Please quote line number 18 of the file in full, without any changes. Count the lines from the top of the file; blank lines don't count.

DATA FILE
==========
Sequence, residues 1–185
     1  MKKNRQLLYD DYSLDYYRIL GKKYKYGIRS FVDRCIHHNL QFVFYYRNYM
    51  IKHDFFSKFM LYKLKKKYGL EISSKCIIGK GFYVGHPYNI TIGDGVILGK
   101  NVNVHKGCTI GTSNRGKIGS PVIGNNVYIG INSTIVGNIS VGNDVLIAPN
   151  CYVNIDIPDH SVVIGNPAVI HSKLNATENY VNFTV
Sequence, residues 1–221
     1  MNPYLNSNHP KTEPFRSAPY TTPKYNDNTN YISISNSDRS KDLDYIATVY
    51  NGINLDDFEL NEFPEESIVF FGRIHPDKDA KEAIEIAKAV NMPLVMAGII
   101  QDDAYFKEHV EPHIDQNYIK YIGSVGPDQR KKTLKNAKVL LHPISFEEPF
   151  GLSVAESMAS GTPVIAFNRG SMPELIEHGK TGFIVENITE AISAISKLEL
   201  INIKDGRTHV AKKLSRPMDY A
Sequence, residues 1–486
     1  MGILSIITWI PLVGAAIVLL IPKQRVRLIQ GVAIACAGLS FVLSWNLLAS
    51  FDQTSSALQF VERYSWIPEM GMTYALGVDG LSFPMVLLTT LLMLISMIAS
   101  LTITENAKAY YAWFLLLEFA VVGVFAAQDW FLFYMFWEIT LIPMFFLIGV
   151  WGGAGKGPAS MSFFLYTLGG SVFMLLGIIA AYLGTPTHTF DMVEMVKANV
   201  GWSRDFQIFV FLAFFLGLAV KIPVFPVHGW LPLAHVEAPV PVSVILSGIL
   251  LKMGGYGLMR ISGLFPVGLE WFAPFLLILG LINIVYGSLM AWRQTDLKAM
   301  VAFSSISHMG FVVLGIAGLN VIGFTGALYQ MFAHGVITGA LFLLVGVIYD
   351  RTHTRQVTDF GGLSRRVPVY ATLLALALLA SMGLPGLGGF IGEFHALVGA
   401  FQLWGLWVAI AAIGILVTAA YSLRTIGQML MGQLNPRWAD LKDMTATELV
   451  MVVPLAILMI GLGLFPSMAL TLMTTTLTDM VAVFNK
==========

   251  LKMGGYGLMR ISGLFPVGLE WFAPFLLILG LINIVYGSLM AWRQTDLKAM